The strongman syndrome

Russian president Vladimir Putin has been praising Donald Trump, who has been returning the favor.   When it was brought up that Putin has a habit of killing his critics, Trump said that our country also does a lot of killing.  (See details after the jump.)

It isn’t just that the two have a mutual admiration society going.  David Ignatius says that Trump is America’s Putin.

I think what we are seeing is the strongman syndrome.  Democracies, by their nature, make for weak central governments and so have trouble “getting things done.”   So when things get bad, at some point, the very people who constitute the democracy, turn to a “strongman” to solve their problems, even though he will also do away with their rights.

This happened with the Greek democracy and the Roman Republic.  It happened when the French revolution turned to Napoleon and when the Russian revolution turned to Stalin.  It happened again after the fall of Communism, when the Russian people turned away from the messy democracy they had been trying in favor of the authoritarian Putin.  It happens regularly in Latin America.  Isn’t this what is happening in this country with the popularity of Donald Trump? [Read more...]

Letting the culture do the work of the church

Political scientist James R. Rogers (a member of the LCMS) argues that a big part of the problem in American Christianity today is that, for a long time, churches have relied on the culture to instill morality, rather than instilling Christian morality themselves.  Ever since the Sixties, though, the culture has been taking a different turn. . . . [Read more...]

What were the top news stories of 2015?

Patheos is compiling the news stories of 2015 that were most important to “each faith community.”  My editor, former student Barton Gingrich, who runs the “evangelical channel,” has asked for our input.  What I’d like to give him are the opinions of what we could call the Cranach community, those who read this blog.  Lots of you are Lutherans, so that would give the viewpoint of a strain of “evangelicals” who are not always heard from in that group.  But not all of you are, and I want to hear from you as well.   So, in your opinion and from your perspective, what are the top news developments of the last year? [Read more...]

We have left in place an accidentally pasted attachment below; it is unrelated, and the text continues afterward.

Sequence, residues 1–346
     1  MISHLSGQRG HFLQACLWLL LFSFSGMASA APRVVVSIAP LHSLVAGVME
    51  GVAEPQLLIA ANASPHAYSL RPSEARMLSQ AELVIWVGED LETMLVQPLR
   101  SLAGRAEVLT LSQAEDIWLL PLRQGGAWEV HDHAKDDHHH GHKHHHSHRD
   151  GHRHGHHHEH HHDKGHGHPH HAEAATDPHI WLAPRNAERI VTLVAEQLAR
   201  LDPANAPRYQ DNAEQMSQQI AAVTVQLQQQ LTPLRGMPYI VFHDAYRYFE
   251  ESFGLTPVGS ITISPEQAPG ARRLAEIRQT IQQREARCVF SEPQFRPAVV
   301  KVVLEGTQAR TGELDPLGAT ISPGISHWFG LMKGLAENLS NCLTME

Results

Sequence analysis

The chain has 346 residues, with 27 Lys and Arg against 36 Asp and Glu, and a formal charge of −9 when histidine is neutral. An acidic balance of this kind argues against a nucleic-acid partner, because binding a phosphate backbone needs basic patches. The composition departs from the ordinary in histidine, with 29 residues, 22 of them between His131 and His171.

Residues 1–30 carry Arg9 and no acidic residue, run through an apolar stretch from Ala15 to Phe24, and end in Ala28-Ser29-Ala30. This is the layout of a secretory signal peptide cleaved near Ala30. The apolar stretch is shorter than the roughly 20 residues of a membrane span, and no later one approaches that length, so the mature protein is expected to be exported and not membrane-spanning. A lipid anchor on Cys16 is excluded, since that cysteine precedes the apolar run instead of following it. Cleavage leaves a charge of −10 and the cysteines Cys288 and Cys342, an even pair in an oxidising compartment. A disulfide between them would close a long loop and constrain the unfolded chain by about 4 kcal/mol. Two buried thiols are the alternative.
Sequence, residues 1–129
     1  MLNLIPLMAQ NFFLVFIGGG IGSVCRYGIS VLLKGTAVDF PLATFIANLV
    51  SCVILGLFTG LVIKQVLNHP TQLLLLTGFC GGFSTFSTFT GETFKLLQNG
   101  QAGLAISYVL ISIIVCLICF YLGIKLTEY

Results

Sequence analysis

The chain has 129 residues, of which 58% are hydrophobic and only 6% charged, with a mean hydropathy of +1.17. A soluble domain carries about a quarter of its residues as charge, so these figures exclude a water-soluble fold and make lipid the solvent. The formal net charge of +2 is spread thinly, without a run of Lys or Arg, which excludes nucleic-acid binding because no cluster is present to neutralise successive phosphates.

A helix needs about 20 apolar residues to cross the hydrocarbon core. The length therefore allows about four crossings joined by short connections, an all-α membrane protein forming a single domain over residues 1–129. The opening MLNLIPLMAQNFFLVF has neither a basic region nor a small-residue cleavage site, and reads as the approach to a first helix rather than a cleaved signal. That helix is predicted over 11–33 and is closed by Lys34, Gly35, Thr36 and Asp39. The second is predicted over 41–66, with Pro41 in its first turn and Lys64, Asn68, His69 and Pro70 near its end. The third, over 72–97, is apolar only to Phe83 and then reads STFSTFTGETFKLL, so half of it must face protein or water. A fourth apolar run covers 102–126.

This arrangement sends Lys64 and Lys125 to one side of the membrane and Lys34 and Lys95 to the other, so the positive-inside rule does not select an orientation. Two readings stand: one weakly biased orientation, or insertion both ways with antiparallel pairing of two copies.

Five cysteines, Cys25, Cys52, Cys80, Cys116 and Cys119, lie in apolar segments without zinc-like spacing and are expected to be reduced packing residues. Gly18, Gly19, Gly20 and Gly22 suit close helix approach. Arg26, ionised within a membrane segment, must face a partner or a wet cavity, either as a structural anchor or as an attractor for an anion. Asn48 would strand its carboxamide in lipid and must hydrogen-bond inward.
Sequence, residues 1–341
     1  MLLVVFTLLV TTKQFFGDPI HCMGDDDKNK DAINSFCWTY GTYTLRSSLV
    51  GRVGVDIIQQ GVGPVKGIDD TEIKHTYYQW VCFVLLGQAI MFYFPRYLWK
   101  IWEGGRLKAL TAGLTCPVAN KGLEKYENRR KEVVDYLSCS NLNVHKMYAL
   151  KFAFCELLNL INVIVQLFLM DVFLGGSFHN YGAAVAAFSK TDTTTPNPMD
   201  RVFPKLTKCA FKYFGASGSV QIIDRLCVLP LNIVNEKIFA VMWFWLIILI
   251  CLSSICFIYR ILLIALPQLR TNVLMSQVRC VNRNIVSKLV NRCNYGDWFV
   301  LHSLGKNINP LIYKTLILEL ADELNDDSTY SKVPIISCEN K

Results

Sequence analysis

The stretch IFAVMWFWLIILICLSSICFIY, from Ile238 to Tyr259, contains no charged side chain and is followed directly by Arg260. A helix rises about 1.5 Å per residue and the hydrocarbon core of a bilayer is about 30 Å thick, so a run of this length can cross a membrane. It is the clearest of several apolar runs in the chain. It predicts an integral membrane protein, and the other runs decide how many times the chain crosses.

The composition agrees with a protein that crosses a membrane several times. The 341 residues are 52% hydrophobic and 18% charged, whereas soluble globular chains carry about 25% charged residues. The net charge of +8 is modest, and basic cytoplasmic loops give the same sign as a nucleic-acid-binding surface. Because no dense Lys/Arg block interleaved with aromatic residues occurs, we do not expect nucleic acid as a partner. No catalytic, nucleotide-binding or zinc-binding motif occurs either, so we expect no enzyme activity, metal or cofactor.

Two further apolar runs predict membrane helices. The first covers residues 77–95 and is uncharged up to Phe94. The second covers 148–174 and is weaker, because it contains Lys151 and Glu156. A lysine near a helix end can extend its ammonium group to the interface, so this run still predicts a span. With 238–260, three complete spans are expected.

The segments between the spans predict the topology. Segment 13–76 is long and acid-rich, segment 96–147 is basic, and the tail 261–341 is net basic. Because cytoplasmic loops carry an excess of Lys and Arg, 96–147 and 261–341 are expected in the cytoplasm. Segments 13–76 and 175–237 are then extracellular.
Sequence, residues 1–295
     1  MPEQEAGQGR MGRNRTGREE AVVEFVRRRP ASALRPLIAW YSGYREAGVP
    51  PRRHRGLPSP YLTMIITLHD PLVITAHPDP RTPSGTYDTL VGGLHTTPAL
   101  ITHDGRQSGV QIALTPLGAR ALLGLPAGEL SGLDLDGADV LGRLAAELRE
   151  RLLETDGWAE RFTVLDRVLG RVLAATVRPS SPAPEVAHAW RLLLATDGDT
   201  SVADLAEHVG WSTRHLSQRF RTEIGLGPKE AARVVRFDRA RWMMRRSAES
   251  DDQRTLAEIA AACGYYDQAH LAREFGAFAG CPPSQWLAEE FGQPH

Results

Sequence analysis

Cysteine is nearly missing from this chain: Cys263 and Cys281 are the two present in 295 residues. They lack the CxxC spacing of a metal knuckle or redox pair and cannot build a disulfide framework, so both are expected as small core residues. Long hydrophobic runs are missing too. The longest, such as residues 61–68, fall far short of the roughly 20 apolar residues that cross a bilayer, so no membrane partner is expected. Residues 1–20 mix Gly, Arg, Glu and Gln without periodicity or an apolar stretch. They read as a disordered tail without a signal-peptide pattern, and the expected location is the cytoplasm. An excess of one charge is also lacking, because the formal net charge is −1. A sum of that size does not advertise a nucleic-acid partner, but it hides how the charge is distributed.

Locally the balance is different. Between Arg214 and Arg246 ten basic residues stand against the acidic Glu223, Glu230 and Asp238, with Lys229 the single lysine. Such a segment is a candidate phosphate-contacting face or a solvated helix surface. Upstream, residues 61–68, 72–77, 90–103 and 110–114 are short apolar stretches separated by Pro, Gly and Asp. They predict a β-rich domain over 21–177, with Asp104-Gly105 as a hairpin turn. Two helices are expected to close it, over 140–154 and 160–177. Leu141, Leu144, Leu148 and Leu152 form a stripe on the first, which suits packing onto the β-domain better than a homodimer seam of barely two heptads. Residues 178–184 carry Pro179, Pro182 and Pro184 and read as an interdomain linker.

3rd century fragment of John’s gospel offered on eBay

A priceless fragment of the Greek New Testament, a text from St. John’s gospel, was discovered on eBay, with an opening bid of $99.  (Similar texts have sold for $500,000.)  A relative of a deceased Bible scholar and collector came into possession of the document, not really knowing what he had.  Another scholar saw the eBay offering, contacted the seller, and persuaded him to pull the auction and make it available for study.  It turns out that the fragment is especially significant because it appears to come from a scroll, whereas all other ancient New Testament texts are from the book-like pages of a codex. [Read more...]

The seal of Hezekiah discovered

Archaeologists have discovered the seal of King Hezekiah near the Temple Mount.  It is a small piece of clay bearing the imprint of a ring, inscribed with various symbols and the words  “Belonging to Hezekiah, [son of] Ahaz, king of Judah.”  The seal must have been placed on a document ratified by the king’s ring, on the finger of a Biblical hero, one of Judah’s most godly rulers. [Read more...]

Time Magazine’s Person of the Year

Time Magazine‘s Person of the Year is German Prime Minister Angela Merkel.

Interesting choice:  Prime Minister Merkel is a Lutheran, a conservative (relatively speaking, for Germany), a woman, an economic hard-liner, by all accounts a skillful leader.  She has been compared to Margaret Thatcher, a formidable figure, though now she is being accused of being too generous when it comes to immigration.

Who would you have chosen for Person of the Year, the individual who has most impacted the world for better or for worse in 2015?

[Read more...]


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